Lastly, what’s the experience of women currently or formerly in the department? Were the demands of the position feasible for working mothers and how does that speak to the resources allocated to the department? And if you’ve never had a woman in a full- time position, that’s probably something worth your attention in itself.
I’m not a diversity, equity, or inclusion expert, and I don’t claim to be. But I know that we have systemic biases and persistent microaggressions for women, and women of color, in the sport community. I also know that everyone needs a seat at the table for it to ever improve.We want a doorstop for the most qualified coaches that might look different than the “expectation,” because just sitting at the table isn’t good enough for us anymore, says @SamMooreStrong. Click To Tweet
I thank the women that came before me. The women that busted down the door by coaching circles around their male counterparts just to get the same, and often less, exposure and salary. The women who put their lives on hold to get a seat at that infamous “table,” because without them I wouldn’t be where I am.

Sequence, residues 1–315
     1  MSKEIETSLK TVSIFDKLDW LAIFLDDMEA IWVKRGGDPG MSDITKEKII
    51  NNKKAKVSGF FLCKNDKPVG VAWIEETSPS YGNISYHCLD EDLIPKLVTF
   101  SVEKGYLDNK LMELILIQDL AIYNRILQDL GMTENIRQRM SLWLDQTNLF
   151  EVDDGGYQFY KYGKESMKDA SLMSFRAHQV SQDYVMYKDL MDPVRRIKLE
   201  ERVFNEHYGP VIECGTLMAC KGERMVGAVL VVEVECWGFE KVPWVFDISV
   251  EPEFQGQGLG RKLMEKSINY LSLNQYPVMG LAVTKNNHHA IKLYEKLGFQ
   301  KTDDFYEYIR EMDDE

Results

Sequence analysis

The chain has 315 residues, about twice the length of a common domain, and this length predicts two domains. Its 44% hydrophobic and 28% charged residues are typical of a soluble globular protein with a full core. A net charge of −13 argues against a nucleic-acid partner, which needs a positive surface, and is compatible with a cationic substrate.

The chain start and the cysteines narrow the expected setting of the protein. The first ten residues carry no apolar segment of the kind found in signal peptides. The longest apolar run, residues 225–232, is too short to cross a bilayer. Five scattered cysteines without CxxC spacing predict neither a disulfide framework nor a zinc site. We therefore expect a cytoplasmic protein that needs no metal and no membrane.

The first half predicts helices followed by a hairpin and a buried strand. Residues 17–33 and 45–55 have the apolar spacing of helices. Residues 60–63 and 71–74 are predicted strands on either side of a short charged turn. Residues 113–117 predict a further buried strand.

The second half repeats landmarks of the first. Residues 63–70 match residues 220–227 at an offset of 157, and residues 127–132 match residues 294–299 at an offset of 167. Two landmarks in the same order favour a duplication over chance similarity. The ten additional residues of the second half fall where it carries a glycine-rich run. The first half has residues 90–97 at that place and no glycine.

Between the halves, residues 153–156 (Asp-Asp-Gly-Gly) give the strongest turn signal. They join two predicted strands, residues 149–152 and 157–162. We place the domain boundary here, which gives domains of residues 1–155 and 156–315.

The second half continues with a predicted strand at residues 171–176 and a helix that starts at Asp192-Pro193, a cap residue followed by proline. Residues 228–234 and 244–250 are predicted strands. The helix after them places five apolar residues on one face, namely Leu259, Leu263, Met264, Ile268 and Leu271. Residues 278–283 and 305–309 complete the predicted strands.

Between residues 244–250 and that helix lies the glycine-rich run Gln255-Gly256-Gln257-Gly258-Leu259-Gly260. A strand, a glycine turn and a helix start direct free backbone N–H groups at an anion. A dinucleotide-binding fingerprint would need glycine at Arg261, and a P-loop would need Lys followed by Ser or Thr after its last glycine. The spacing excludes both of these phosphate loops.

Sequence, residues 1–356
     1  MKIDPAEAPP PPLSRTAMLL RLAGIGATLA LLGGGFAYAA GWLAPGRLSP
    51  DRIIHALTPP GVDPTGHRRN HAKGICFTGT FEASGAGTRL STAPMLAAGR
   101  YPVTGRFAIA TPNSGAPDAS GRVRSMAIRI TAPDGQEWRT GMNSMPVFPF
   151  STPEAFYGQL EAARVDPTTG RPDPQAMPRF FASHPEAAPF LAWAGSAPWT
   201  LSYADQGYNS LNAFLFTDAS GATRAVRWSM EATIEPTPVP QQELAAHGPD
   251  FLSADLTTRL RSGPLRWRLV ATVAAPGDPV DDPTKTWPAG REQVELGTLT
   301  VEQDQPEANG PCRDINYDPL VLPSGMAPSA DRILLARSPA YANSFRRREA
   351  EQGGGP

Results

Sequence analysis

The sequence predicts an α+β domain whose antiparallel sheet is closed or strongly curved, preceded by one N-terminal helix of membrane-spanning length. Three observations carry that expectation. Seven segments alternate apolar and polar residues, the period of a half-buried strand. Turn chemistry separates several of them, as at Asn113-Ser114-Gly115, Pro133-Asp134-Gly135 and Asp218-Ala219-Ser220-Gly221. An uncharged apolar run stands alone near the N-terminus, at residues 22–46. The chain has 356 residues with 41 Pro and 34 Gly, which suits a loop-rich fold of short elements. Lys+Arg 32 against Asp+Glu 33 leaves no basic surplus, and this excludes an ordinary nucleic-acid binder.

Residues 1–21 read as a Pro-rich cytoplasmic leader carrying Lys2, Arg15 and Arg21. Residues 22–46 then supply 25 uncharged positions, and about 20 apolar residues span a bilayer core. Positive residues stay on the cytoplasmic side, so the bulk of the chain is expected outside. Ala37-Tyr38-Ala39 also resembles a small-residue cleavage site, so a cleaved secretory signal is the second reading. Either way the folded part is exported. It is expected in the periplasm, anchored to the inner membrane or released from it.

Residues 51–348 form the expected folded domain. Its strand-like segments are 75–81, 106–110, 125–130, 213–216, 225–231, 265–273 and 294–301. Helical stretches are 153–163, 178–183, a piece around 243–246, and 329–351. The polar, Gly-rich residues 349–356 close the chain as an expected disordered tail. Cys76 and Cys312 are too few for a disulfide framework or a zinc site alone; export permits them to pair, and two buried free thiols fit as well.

It’s with their accomplishments we can build. Because we don’t just want a seat at the table to close the door behind us. We want a doorstop for the most qualified coaches that might look different than the “expectation,” because just sitting at the table isn’t good enough for us anymore. Now we’re here to run the whole show.
Lead photo by Scott Winters/Icon Sportswire.